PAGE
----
A: From personal experience, a firsthand account of an insomniac, if you will, Sleep Sense really did the trick. There’s a million reasons why you might not be sleeping, and while most of the time it’s stress or something of the sort, it could also be a deficiency of certain vitamins and minerals. Sleep Sense comes with melatonin, magnesium, and other ingredients, all designed to help you sleep, without the fear of becoming addicted or dependent on them. It took about three years to get over insomnia (if the TV is on, I still can’t sleep), but after enough trial and error, and a good dose of Sleep Sense, it did the trick. I stopped dreading the alarm clock so much.
Although the mechanisms they use vary, all oscillating clocks, mechanical, digital and atomic, work similarly and can be divided into analogous parts.[64][65][66] They consist of an object that repeats the same motion over and over again, an oscillator, with a precisely constant time interval between each repetition, or 'beat'. Attached to the oscillator is a controller device, which sustains the oscillator's motion by replacing the energy it loses to friction, and converts its oscillations into a series of pulses. The pulses are then counted by some type of counter, and the number of counts is converted into convenient units, usually seconds, minutes, hours, etc. Finally some kind of indicator displays the result in human readable form.
A. Many modern alarm clocks are designed to stimulate the natural wake and sleep cycle of the body. Clocks with sunlight simulation help give the body visual cues that it’s time to wake up. Clocks with progressive alarms provide gentle auditory cues. When the body has a chance to wake slowly, it can better prepare for the day, which may help you you feel more rested.
The primary purpose of a clock is to display the time. Clocks may also have the facility to make a loud alert signal at a specified time, typically to waken a sleeper at a preset time; they are referred to as alarm clocks. The alarm may start at a low volume and become louder, or have the facility to be switched off for a few minutes then resume. Alarm clocks with visible indicators are sometimes used to indicate to children too young to read the time that the time for sleep has finished; they are sometimes called training clocks.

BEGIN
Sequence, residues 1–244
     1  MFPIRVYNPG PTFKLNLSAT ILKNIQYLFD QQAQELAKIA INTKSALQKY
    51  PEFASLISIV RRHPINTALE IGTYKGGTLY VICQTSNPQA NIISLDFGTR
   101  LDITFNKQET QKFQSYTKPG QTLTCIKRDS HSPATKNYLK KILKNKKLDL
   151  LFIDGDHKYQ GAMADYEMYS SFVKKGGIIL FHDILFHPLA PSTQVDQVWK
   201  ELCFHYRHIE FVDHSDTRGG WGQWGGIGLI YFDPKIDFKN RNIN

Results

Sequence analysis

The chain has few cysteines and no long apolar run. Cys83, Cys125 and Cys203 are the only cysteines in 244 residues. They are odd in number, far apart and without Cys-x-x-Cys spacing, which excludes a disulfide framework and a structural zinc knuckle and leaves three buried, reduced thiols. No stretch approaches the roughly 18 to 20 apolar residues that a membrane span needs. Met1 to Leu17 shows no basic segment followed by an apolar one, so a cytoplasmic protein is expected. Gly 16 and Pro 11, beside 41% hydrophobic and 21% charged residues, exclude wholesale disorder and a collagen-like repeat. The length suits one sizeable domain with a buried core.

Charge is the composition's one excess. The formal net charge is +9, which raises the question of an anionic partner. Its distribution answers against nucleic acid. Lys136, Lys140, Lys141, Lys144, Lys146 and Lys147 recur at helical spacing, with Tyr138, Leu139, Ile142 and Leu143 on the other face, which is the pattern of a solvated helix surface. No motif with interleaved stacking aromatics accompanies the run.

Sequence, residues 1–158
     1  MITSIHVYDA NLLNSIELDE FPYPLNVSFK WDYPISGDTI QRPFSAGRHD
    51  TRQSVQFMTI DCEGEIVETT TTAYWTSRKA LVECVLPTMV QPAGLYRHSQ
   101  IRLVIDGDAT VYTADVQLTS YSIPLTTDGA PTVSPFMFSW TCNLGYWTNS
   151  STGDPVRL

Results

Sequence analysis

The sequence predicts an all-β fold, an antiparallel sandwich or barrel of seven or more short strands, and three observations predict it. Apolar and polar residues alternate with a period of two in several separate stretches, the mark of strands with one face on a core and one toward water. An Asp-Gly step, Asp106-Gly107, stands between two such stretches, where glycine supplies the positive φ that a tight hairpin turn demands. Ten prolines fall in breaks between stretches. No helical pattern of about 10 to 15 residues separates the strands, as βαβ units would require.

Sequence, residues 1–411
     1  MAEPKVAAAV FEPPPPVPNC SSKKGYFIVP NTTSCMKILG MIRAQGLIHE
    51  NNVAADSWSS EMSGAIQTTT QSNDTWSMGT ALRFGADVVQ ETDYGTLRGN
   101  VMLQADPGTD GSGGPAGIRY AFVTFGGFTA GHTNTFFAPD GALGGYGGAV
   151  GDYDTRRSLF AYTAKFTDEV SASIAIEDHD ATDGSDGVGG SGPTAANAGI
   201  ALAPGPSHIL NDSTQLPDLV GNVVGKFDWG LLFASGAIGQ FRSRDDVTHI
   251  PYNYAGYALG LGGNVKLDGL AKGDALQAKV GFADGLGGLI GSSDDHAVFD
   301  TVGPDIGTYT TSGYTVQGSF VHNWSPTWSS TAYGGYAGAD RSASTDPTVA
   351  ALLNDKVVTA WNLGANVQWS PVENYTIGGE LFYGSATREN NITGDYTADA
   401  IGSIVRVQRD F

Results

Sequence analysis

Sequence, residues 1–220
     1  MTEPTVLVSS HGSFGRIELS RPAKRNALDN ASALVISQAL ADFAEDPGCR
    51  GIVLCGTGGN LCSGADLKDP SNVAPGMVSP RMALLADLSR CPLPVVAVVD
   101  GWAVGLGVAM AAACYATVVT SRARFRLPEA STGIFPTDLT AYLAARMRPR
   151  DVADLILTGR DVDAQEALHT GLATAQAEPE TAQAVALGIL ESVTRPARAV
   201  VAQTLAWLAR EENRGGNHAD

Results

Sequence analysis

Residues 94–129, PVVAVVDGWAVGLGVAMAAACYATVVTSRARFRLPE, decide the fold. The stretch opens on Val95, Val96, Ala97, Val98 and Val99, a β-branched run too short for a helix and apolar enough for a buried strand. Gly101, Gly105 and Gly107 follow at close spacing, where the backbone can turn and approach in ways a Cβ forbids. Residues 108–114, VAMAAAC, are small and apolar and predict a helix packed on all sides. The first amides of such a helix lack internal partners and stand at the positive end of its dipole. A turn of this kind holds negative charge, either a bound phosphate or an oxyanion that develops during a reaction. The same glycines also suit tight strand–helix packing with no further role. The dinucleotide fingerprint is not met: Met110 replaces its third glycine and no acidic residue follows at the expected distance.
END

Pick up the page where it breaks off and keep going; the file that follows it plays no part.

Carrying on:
Any expansion or contraction of the rod caused by changes of temperature will affect the timekeeping of a pendulum; e.g., a pendulum clock with a steel rod will lose one second a day for a rise in temperature of approximately 4 °F (2.2 °C). For accurate timekeeping, the length of the pendulum must be kept as nearly constant as possible. This may be done in several ways, some of which use the differing coefficients of expansion (the amount of expansion per degree change in temperature) of different metals to obtain a cancelling-out effect. In one popular compensation method, the bob consists of a glass or metal jar containing a suitable amount of mercury. The gridiron pendulum employs rods of different metal, usually brass and steel, while in the zinc-iron tube the pendulum rod is made of concentric tubes of zinc and iron. An improved method, however, is to make the pendulum rod from a special alloy called Invar. This material has such a small coefficient of expansion that small changes of temperature have a negligible effect and can easily be compensated for if required.